“My view is that every major modern war has been waged against this international system. That is, the empire strikes back. World War I is a war of empires which comes to its culmination point when a state gets into it. That’s the United States.” And then we get something very interesting added: “That’s Woodrow Wilson and [the promotion of] democracy.”

“World War II, and I think this is uncomprehended although it’s perfectly clear, . . . World War II is a war of empires against the state system. It’s Hitler’s Third Reich. It’s Imperial Japan.” The Axis goal “is to establish an empire. The Nazi empire would be Europe going eastward into the Slavic lands. The Japanese empire in the Greater East Asia Co-Prosperity Sphere, as they called it.”

via The Weekend Interview with Charles Hill: The Empire Strikes Back – WSJ.com. (more…)

XP Hasn’t Aged Well August 8, 2012

Posted by tkcollier in Cool photos, Humor, Technology.
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Instantly recognizable to most as the default wallpaper in Windows XP. May be the most viewed photograph in history.

Shot by Charles O’Rear on a medium format camera in 1996 and not digitally enhanced or manipulated in any way. The approximate location is 3101 Fremont Dr. in Sonoma, coordinates 38.250124,-122.410817.

In November 2006, Goldin+Senneby took the same picture, titling the piece After Microsoft:

via Photographs: What are the most viewed photos of all time? – Quora.

Bird Flu Blamed for Seal Deaths August 7, 2012

Posted by tkcollier in Enviroment, health, In The News.
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First there was swine flu. Now, while everyone’s attention is on another  Ebola outbreak there may be seal flu.

In the wake of a pneumonia outbreak that killed 162 harbor seals in New England last year, researchers are blaming the deaths on an avian flu virus.

The virus is similar to one circulating in North American birds since 2002 but shows signs of having recently adapted to mammals, according to according to Ian Lipkin, MD, of Columbia University’s Mailman School of Public Health in New York City and colleagues.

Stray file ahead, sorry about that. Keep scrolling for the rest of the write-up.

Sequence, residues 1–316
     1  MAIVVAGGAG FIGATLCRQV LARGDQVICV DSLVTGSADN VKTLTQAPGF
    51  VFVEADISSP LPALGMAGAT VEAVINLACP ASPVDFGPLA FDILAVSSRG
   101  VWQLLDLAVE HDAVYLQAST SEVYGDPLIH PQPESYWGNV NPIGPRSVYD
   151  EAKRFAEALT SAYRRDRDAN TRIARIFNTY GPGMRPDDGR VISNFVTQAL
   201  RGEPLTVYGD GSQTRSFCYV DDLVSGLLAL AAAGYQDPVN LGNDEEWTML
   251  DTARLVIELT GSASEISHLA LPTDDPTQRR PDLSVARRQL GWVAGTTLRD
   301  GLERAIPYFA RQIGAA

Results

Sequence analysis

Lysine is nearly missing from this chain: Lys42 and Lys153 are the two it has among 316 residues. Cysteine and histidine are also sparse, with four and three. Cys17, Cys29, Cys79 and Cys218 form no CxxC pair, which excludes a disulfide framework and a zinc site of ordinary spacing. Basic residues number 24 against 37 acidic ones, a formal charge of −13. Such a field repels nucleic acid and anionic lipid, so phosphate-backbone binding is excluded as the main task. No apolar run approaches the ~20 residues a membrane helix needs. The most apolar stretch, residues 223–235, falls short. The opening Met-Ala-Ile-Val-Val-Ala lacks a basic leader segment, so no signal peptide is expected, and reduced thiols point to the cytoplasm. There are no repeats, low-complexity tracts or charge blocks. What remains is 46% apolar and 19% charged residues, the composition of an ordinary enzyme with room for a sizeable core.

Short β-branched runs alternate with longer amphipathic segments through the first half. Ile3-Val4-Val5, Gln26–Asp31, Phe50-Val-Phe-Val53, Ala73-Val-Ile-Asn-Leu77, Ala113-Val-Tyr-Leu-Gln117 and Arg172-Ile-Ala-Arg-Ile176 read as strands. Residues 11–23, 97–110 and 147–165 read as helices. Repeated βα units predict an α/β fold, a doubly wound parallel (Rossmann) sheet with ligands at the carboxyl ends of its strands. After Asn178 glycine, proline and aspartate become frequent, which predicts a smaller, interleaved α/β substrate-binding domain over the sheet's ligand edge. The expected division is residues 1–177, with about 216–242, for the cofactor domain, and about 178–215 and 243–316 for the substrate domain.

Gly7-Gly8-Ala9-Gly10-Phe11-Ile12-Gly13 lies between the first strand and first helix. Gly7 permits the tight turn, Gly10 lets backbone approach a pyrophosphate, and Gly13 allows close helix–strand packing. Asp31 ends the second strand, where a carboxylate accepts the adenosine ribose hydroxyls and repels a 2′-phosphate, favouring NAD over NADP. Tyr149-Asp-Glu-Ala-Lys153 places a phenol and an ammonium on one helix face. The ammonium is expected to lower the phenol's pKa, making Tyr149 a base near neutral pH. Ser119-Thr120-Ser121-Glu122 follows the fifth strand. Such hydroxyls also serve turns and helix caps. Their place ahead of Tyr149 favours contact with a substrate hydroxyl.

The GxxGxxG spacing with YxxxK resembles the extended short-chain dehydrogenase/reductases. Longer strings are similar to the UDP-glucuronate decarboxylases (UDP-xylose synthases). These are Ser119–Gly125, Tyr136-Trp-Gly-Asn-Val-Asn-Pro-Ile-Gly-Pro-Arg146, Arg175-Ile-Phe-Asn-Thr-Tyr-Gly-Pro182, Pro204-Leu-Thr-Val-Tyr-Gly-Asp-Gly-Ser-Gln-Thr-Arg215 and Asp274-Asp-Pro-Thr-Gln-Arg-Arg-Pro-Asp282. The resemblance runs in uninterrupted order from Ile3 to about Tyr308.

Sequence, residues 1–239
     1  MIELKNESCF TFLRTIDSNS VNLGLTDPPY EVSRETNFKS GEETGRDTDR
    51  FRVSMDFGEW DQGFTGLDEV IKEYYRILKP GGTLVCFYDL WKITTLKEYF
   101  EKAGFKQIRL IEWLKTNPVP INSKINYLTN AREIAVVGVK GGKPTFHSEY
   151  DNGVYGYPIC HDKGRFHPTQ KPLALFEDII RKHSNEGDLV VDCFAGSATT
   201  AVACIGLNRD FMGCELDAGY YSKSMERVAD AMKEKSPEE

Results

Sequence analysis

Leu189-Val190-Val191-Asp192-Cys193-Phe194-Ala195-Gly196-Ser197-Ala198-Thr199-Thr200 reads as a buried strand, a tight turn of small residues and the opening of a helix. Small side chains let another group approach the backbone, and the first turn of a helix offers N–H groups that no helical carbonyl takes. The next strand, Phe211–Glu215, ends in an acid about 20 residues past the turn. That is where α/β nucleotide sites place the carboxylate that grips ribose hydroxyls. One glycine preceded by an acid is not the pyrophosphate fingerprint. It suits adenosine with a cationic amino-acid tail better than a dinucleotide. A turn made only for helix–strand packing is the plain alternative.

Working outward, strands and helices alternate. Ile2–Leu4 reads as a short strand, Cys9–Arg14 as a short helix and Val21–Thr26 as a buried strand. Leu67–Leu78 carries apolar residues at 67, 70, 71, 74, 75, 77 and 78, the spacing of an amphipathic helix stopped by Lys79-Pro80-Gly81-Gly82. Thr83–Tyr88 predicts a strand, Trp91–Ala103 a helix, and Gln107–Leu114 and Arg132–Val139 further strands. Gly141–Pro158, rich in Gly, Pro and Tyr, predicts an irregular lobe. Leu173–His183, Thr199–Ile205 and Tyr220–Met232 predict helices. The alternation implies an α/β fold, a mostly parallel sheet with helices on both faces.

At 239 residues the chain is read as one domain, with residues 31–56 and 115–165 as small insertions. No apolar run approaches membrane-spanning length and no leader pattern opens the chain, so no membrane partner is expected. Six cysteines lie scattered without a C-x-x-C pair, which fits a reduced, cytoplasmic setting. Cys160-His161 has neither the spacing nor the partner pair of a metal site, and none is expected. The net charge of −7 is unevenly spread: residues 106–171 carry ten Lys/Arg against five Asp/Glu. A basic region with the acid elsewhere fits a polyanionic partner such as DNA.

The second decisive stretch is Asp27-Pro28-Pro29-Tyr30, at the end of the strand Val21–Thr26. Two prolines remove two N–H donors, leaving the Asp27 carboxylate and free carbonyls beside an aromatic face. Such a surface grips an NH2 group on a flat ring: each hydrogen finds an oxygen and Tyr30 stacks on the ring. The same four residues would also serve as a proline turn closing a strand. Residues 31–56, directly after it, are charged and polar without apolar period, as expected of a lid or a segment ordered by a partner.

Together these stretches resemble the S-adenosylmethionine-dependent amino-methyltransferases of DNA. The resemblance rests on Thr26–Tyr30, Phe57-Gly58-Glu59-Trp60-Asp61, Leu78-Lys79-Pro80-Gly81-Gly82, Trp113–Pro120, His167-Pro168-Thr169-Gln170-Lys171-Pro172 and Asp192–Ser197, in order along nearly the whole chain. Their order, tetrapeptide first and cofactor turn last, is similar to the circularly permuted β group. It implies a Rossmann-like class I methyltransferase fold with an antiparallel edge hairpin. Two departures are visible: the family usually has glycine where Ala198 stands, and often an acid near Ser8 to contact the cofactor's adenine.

The outbreak is “particularly significant,” they wrote, because the virus has naturally acquired mutations that may make it a candidate to cause disease in humans.

via Medical News: Bird Flu Blamed for Seal Deaths – in Infectious Disease, Flu & URI from MedPage Today.

Return of the disparaged “Limits to Growth” Prediction August 4, 2012

Posted by tkcollier in Economy & Business, Enviroment, Geopolitics.
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Carlton Palmer shares this gem with these comments:

Thoughtful, analysis and personal take from a Financial realist .  Civilized not a Rant! Long, Worth the effort. Ex Pat Brit.Jeremy Granthams take on the ongoing food crisis  plus the Game changer implications for the Human condition. Of note “the ethanol/gas” idiocy.

Click on the link to download the .pdf file and take the time to read this 22 page analysis

Ex Pat Brit. Jeremy Granthams take on the ongoing food crisis

What facts about the United States do foreigners not believe until they come to America? August 1, 2012

Posted by tkcollier in cool stuff, Humor, Life, Lifestyle.
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This American Life, talking to refugees who’d moved to the U.S., mostly from conflict zones, found that the foreigners were shocked by a number of things that Americans might consider routine: public displays of affection, high obesity rates, families shipping their elderly parents off to nursing homes, dog-owners kissing their pets,Christmas lights and widespread gun ownership.

The U.S. can be such a jarringly strange place for many foreign visitors that travel guidebooks detail everything from the dangers of talking politics to tips on respecting Americans’ famously guarded personal space. But what do those visitors find when they actually get here? This American Life spoke to a relatively narrow slice of foreign arrivals, but a thread on public question site Quora, jumping off from the radio segment, asks web users from around the globe to chime in with what surprised them about America. Click on the link.

How Americans Are Different: What facts about the United States do foreigners not believe until they come to America? – Quora.